Tech billionaire Peter Thiel has sunk big money into two GOP Senate candidates: Blake Masters of Arizona and J.D. Vance of Ohio. On the surface, both seem promising standard-bearers for the new populist-style movement on the right that hopes to create a Trumpist politics with broader appeal than the original model ever had.
Yet some Republicans are now confiding to reporters that they fear these candidates are weaker than expected, which could put GOP hopes of winning the Senate at risk. And they indicate that at least to some extent, Thiel’s involvement is part of the problem.
Thiel has spent more than $13 million to support Masters’s primary bid to challenge Democratic Sen. Mark Kelly, a top GOP target, and some Republicans worry Masters might lose if Thiel’s cash makes him the nominee. Some $10 million from Thiel also propelled Vance to the Ohio nomination. Yet Vance is struggling unexpectedly, though Ohio’s red lean renders Masters a more serious worry for Republicans.
At first glance, it’s hard to discern why Thiel is heavily investing in them. Thiel is sometimes described as a radical libertarian, while Masters and Vance represent a form of conservative populism that is supposedly hostile to libertarianism and envisions the robust use of state power to fight liberal cultural enemies wherever necessary.
Yet in a twist, the very things that apparently appealed to Thiel in these candidates might help explain their flaws. Despite surface differences, he and they share overlapping views: An own-the-libs trollish glee in flirting with race-baiting and falsely claiming Donald Trump won the 2020 presidential election, and an apparent belief that liberal institutions are corrupt to their core. These views push these candidates to politically unsavory places.
Indeed, The Post reports that Masters is worrying Republicans in part because of this extremism. Some of this revolves around Masters’s use of a Nazi leader’s quote in a 2006 essay, which he has disavowed; his anti-immigrant attacks on Rep. Ilhan Omar (D-Minn.); and his culture-warring on sex, gender and abortion.
But Masters’s rhetoric about Trump and 2020 is also part of the problem. In campaign ads, Masters flatly declares “Trump won.” Masters is also feeding the idea that voting in the 2022 midterms might be illegitimate, and CNN reports that Arizona Republicans fear this will cost him the support of independents in a general election.
It gets worse: Masters has also turned this into a broader indictment, declaring in his ads that the 2020 outcome is in doubt due to the corruption of voting systems, Big Tech and the news media, which would “do anything to hurt President Trump.”
In other words, for Masters, it’s justifiable to claim our democratic outcomes are illegitimate not just because of fictional voter fraud, but also because our institutions are corrupt across the board.
Vance has also dabbled in this narrative. After previously vouching for the integrity of Trump’s loss, he flipped to supporting Trump’s 2020 lies, which he justifies by insisting Trump exposed the deep corruption supposedly rotting our institutions. Like Masters, Vance vaguely claims Trump’s loss just couldn’t have been legitimate, given how corrupt our system is overall.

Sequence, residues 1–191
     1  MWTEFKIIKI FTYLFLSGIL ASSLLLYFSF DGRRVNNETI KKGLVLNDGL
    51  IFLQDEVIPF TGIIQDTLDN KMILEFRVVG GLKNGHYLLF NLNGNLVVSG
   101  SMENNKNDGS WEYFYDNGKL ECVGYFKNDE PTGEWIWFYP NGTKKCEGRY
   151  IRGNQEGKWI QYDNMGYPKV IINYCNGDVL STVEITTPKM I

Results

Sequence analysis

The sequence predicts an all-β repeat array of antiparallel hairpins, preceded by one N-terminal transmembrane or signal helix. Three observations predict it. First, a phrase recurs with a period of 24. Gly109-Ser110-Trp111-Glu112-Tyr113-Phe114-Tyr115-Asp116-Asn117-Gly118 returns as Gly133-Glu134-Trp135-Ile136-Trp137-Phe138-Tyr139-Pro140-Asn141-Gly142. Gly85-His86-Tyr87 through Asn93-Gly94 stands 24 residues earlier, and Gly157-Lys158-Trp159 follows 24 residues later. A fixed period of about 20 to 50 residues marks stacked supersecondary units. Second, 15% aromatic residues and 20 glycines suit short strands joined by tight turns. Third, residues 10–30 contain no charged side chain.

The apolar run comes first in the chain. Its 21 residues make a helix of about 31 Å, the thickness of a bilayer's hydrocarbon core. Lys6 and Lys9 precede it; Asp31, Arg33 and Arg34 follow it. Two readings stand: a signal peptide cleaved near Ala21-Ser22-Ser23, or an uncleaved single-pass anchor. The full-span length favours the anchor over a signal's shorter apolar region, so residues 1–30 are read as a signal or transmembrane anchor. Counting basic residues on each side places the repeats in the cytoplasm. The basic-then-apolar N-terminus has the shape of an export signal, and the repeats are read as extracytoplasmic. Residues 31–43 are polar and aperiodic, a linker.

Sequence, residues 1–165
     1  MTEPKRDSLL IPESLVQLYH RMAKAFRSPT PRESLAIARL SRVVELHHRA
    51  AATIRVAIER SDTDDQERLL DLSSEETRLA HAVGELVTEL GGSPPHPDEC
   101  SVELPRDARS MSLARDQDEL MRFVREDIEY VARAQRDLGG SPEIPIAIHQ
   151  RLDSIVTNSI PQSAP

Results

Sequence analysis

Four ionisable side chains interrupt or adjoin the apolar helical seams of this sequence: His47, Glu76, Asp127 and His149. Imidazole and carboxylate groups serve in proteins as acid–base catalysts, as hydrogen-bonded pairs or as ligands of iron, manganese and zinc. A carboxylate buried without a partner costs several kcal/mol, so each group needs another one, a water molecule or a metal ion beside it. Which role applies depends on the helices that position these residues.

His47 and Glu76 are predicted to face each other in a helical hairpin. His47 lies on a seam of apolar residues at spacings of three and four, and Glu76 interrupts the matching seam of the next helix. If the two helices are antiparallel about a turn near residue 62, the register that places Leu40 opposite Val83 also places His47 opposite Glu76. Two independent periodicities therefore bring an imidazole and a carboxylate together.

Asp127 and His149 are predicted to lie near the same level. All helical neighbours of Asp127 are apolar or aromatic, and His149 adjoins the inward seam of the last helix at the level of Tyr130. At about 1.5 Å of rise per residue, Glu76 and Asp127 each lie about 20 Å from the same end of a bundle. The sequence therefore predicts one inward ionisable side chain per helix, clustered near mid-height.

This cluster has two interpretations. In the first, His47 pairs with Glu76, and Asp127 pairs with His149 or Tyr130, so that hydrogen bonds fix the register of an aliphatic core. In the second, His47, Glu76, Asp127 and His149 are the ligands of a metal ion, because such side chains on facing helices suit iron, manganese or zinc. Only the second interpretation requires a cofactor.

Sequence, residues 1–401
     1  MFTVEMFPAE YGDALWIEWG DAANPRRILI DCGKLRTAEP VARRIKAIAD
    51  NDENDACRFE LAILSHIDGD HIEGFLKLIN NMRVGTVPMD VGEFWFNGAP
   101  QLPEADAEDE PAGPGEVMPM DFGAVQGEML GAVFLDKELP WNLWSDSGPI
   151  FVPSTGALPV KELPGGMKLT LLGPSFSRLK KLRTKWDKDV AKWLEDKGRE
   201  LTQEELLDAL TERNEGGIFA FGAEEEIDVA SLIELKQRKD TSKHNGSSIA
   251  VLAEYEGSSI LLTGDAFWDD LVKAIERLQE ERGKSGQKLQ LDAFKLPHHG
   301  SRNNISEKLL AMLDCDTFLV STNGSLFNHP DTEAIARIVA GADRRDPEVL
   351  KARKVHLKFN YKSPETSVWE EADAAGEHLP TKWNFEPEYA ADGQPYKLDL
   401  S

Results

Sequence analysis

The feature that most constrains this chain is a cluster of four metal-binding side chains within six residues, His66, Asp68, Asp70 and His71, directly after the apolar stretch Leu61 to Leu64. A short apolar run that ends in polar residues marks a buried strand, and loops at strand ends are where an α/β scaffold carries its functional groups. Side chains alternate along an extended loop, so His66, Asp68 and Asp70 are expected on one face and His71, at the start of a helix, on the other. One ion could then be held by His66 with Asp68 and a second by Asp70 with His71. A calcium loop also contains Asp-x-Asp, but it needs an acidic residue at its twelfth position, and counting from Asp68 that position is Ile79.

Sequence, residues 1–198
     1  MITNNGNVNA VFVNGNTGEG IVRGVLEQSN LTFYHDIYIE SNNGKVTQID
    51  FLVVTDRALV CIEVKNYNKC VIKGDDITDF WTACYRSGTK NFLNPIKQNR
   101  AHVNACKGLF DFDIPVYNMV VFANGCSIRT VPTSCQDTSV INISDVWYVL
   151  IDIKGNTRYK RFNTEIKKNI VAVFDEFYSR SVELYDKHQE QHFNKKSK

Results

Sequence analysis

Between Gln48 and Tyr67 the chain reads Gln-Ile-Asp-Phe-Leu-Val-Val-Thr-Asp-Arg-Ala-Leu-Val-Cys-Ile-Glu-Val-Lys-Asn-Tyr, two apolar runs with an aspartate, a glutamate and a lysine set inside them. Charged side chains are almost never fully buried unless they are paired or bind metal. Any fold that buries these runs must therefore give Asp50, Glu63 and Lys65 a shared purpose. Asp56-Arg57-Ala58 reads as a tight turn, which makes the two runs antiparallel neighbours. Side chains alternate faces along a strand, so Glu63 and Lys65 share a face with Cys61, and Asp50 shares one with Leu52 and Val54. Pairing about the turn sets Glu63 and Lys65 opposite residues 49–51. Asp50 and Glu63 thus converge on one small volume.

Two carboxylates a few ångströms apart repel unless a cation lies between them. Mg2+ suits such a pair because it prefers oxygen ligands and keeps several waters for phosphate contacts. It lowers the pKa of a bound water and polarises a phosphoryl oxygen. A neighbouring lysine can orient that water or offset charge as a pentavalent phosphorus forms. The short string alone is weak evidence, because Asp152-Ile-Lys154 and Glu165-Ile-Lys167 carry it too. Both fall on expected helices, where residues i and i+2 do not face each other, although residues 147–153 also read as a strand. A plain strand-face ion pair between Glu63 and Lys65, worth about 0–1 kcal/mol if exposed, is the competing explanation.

Vance is also worrying Republicans for another reason: He is apparently campaigning in a lackluster way, and they say his reliance on Thiel’s money might be why. One Republican tells Bloomberg this is the “Thiel effect.”
Regardless, there is little doubt this Masters-Vance talk about institutions helps explain Thiel’s backing. The tech billionaire, who spent millions bankrolling other GOP candidates who adhered to Trump’s 2020 lies, has written that politics is about “interfering with other people’s lives without their consent” and even that freedom and democracy are fundamentally not “compatible.”
As Thiel biographer Max Chafkin notes, Thiel melds libertarianism with a kind of reactionary hyper-capitalist outlook, holding that the lone visionary entrepreneur must not be constrained by popular opinion, government or even politics itself.
It’s easy to see how this worldview finds an ally in the Masters-Vance view of our institutions. Whether the motivating idea is that democracy is akin to popular tyranny or that those institutions are irredeemably corrupt, in both cases a hated democratic outcome (such as Trump’s loss) can easily be dismissed as illegitimate.
All of this has created a strange set of ironies. Defenders of this new Masters-Vance populism like to say it represents a kind of Trumpism that could have broader popular appeal than Trump ever mustered. Yet its standard-bearers are on the forefront of casting majoritarian outcomes as inherently suspect.
The charitable way to defend this is to say that Masters and Vance are sincerely trying to create a new right-wing politics with genuine majoritarian appeal but feel compelled to question electoral outcomes because of Trump’s continuing influence.
But what if deeper tendencies in this form of politics — the relentless attacks on our institutions, the constant hunting of liberal cultural enemies around every corner — are themselves what inevitably pull toward casting democratic outcomes as illegitimate?
What if this is in the very DNA of this type of populism, at least as practiced by Masters and Vance? As Matthew Sitman and Sam Adler-Bell argue on their “Know Your Enemy” podcast, at a minimum adherents of this politics should wrestle seriously with this question.
These tendencies are surely part of what appeals to Thiel about these candidates. And if they render Masters and Vance less electable in a general election, well, that would be a justly deserved outcome.